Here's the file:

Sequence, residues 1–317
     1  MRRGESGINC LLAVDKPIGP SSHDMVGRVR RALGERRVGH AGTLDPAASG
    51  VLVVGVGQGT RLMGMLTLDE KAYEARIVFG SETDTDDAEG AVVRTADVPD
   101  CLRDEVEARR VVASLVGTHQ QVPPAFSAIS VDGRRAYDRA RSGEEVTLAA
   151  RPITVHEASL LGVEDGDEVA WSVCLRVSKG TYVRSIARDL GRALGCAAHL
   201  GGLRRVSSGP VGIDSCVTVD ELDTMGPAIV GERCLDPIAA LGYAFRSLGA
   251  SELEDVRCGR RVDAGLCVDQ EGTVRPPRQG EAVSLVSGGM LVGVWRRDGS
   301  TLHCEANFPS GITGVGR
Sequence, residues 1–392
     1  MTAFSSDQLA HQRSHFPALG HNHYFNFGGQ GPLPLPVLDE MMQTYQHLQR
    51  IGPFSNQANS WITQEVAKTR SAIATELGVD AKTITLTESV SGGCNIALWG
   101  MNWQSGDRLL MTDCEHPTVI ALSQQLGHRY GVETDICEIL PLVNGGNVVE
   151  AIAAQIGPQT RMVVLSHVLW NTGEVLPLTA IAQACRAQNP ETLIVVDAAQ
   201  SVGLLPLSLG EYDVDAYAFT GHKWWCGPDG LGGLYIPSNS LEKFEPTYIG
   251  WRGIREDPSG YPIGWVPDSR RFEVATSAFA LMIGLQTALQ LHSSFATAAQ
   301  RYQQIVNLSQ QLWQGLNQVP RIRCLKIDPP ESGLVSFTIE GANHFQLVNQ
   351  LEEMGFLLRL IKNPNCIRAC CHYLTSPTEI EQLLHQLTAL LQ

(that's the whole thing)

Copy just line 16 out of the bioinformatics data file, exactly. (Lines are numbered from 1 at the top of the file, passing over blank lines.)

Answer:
   301  RYQQIVNLSQ QLWQGLNQVP RIRCLKIDPP ESGLVSFTIE GANHFQLVNQ